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Today in Italy: A roundup of the latest news on Tuesday

Clare Speak
Clare Speak - [email protected]
Today in Italy: A roundup of the latest news on Tuesday
Milan's San Raffaele Hospital. (Photo by Piero CRUCIATTI / AFP)

Italians increasingly in debt to pay for private healthcare, Italy's birth rate continues to drop, Ryanair CEO calls for Italian aviation agency head to resign, and more news from Italy on Tuesday.

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Italy's top story on Tuesday:

Hospital waiting lists were headline news again on Tuesday morning, with La Stampa reporting a survey by price comparison website Facile.it which showed nine million Italian patients had taken out loans to be able to afford to go private instead of waiting for care through the public system.

As waiting lists reportedly lengthen, 4.4 percent of all loans taken out in Italy were to pay for medical expenses, the survey found, and their total value had risen to more than a billion euros.

The highest amount was taken out in loans in southern Italian regions, it found, where inequalities in healthcare spending persist and many patients travel north for private treatment.

Many regional governments have announced further funding to help cut down waiting lists from April, according to media reports, with the Italian national health service reportedly facing issues exacerbated by the Covid pandemic and Italy's increasingly elderly population.

Italy's birth rate continues to drop

Italy's population shrank again in 2023, the latest provisional data from Italian statistics bureau Istat showed, with the number of babies being born at a near-record low and a growing number of Italians leaving the country.

Italy's birth rate stood at 379,000, or 6.4 per thousand people, according to Istat's annual report on demographic indicators published on Friday. In absolute terms this was 14,000 fewer births than in 2022, a drop of 3.6 percent, while the birth rate fell from 6.7 births per thousand people, Istat said.

The average number of children per woman in Italy fell from 1.24 in 2022 to 1.20 in 2023. The historical minimum is 1.19 children per woman, registered in 1995.

As of January 1, 2024, the resident population stood at just under 59 million, down 7,000 in a year. While 53,000 Italian citizens had emigrated abroad, Italy had 326,000 new foreign residents, with the population growing slightly in northern Italy and shrinking in the south.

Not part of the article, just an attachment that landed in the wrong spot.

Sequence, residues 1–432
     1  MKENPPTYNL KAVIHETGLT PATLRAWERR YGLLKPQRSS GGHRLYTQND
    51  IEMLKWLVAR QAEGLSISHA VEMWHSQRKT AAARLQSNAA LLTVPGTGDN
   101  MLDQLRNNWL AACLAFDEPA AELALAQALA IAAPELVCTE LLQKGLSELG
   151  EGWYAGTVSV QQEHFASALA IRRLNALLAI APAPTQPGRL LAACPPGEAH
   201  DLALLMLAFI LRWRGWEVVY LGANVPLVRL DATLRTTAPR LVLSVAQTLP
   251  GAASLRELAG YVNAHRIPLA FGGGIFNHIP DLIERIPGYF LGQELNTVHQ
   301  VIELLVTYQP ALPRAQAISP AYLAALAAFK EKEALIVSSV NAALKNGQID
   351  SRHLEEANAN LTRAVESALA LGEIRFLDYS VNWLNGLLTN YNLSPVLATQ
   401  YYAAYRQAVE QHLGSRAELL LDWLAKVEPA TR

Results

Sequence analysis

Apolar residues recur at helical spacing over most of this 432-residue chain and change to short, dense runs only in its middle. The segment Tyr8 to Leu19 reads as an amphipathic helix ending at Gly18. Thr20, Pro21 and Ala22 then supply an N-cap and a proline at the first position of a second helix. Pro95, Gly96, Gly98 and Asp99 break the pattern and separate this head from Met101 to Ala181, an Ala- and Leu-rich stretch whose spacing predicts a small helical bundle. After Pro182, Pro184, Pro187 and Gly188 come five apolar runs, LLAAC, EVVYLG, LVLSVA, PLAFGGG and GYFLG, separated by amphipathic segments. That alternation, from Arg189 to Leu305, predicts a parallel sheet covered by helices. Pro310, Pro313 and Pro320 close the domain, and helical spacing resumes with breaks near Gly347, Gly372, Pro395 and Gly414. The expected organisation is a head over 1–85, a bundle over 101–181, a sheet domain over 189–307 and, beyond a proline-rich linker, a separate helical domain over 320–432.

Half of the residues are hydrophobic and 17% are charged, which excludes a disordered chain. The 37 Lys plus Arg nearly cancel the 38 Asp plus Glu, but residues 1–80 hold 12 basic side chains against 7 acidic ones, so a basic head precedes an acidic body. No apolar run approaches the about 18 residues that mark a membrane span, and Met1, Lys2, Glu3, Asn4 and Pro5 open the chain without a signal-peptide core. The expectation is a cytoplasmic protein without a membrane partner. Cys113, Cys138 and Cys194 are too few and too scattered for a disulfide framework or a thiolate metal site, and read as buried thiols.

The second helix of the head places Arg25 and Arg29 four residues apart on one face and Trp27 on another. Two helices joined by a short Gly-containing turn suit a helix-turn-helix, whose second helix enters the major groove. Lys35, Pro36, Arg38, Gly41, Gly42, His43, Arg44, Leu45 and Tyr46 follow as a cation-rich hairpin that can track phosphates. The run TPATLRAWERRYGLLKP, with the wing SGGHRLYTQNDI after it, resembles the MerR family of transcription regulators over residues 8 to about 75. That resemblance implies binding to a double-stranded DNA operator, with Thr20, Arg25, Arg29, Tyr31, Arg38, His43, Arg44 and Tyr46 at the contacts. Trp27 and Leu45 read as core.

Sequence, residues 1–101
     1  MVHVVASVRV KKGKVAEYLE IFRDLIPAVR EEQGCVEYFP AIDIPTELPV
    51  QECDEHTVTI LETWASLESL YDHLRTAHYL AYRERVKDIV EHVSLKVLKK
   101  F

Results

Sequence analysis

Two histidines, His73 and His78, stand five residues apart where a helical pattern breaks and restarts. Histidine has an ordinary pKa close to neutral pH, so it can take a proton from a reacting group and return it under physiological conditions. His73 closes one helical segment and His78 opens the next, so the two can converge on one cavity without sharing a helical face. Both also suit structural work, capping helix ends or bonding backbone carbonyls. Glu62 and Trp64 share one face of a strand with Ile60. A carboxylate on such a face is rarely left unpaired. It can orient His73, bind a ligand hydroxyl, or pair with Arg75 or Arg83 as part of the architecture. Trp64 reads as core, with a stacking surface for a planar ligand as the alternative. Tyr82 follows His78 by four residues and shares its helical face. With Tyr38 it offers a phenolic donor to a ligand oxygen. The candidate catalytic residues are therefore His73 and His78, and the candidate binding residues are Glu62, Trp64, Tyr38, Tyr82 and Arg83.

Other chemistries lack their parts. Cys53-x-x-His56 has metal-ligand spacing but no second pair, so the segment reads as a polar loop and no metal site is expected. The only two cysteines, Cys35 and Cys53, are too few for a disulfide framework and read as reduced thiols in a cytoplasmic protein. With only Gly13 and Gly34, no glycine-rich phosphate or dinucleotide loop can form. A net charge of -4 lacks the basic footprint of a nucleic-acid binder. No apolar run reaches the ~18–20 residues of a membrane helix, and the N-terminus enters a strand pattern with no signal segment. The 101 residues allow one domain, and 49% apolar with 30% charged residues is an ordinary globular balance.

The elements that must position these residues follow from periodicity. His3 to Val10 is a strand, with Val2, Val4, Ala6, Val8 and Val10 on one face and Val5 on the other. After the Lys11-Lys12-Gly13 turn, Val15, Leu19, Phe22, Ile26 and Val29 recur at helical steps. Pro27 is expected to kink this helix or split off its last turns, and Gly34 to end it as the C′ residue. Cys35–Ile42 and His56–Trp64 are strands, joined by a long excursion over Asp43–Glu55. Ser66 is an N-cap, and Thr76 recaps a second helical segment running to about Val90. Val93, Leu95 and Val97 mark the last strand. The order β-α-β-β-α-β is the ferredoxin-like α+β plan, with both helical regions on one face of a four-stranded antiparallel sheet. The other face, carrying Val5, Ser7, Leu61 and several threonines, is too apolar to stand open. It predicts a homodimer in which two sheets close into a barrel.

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Ryanair CEO calls for head of Italy's aviation agency to resign

Ryanair’s CEO Michael O’Leary slammed comments made by ENAC president Pierluigi Di Palma as "stupid and embarrassing" and called for him to step down amid an ongoing row over Ryanair's pricing and market share in Italy.

Commenting on recent flight price rises, Di Palma had said: "It is clear that low cost companies practically do not exist anymore... Now there are companies like Ryanair that control 51 percent of the Italian market," reported financial newspaper Il Sole 24 Ore.

He referred to a "situation of oligopoly" and a "context of little supply and more demand."

Di Palma and O'Leary have been at loggerheads amid investigations into and attempts to curb rising flight prices in Italy, particularly between the islands of Sicily and Sardinia and the mainland.

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Elon Musk says Telecom Italia blocking high-speed internet rollout

US-based satellite internet provider Starlink filed a complaint late last week claiming Italy's largest phone carrier was obstructing its rollout of high-speed internet in Italy, with possible repercussions for services across southern Europe and north Africa.

In its complaint to Italy’s communications watchdog and business ministry, Starlink, which is controlled by Musk’s SpaceX, claimed that Telecom Italia SpA had for months failed to comply with regulations requiring it to share spectrum data in order to prevent frequency interferences with its equipment, Bloomberg News reported.

While Starlink said this was severely slowing deployment of new gateway equipment, Telecom Italia rejected what it described as a partial reconstruction of facts that didn’t take into account ongoing discussions.

Starlink urged Italy’s authorities to push Telecom Italia to cooperate, saying it would be forced to shift investments from Italy to other European countries otherwise and suggesting the issue could cause service outages in parts of southern Europe and north Africa that are partially powered by equipment located in Italy.

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